Any community interested in expanding its ability to meet the needs of battered women needs to draw on the extensive knowledge and experience of traditional domestic violence service providers and advocates. However, in some communities relationships between traditional providers and other agencies in the community are strained and distrustful. Since traditional domestic violence providers have, in many communities, struggled with limited resources for many years, they may view with suspicion the interest of other public and private agencies in getting involved in domestic violence services. They may fear that funding will shift to these more mainstream agencies once they receive a little training, or that the traditional providers will be expected to compromise their principles in some unacceptable ways if they work with these agencies. Many turf issues may arise.
However, the experience of traditional providers and more mainstream agencies in the communities we visited suggests that both have a great deal to benefit from true collaborative work that includes discussion of and agreement on shared goals, appreciation of the roles that each can play in reaching those goals, and an understanding that it will take all of the agencies working together to reach the whole population of women experiencing battering. If they do not already do so, traditional battered women's service providers need to build relationships with providers of other services or representatives of other community sectors. In the process, domestic violence service providers can learn to appreciate the goals and constraints of other agencies and how their talents and skills can complement and augment other service providers. Traditional domestic violence service providers can develop ways to work with other agencies to translate their knowledge from extensive experience into policies and procedures that other providers can understand and follow.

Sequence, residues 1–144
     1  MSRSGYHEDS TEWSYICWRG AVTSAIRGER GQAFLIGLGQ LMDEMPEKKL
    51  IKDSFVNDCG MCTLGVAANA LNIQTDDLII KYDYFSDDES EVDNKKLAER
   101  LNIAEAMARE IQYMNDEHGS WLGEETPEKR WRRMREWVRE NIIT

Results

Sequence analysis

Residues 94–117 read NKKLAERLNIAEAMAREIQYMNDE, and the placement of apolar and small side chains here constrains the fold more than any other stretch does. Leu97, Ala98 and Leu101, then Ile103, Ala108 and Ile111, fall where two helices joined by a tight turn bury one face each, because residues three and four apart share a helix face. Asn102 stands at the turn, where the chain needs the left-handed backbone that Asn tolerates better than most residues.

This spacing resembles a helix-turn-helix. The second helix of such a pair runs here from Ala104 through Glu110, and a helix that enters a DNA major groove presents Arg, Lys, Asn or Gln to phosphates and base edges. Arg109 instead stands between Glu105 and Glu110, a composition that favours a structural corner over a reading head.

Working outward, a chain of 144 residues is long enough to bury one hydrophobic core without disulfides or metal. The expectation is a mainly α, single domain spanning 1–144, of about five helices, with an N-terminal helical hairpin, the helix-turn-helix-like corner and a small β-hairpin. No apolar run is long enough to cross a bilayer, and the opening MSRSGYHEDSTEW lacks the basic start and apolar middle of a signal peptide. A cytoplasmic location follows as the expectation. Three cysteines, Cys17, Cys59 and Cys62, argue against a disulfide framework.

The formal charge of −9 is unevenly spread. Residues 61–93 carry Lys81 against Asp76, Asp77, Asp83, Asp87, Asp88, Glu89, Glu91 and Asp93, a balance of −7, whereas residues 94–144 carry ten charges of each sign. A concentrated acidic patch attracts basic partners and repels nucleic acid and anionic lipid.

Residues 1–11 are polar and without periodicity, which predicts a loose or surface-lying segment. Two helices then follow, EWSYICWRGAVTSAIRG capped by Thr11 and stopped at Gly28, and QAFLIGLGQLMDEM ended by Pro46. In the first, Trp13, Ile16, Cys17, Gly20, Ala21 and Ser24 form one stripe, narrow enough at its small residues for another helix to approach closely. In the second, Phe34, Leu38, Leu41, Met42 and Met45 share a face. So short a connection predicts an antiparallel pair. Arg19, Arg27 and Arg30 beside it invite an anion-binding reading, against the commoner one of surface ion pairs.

Traditional domestic violence service providers can also benefit from this interaction by learning from other agencies about their clients, their legal and policy constraints, why they do what they do, and how you can both help women in different ways. It is important for traditional domestic violence service providers to stay in the discussions, and not to withdraw. It is possible that traditional domestic violence service providers and other agencies can work out some co- location or other cooperative service arrangements that keep all of their agencies growing, or a system of cross-referrals that takes advantage of all of their strengths.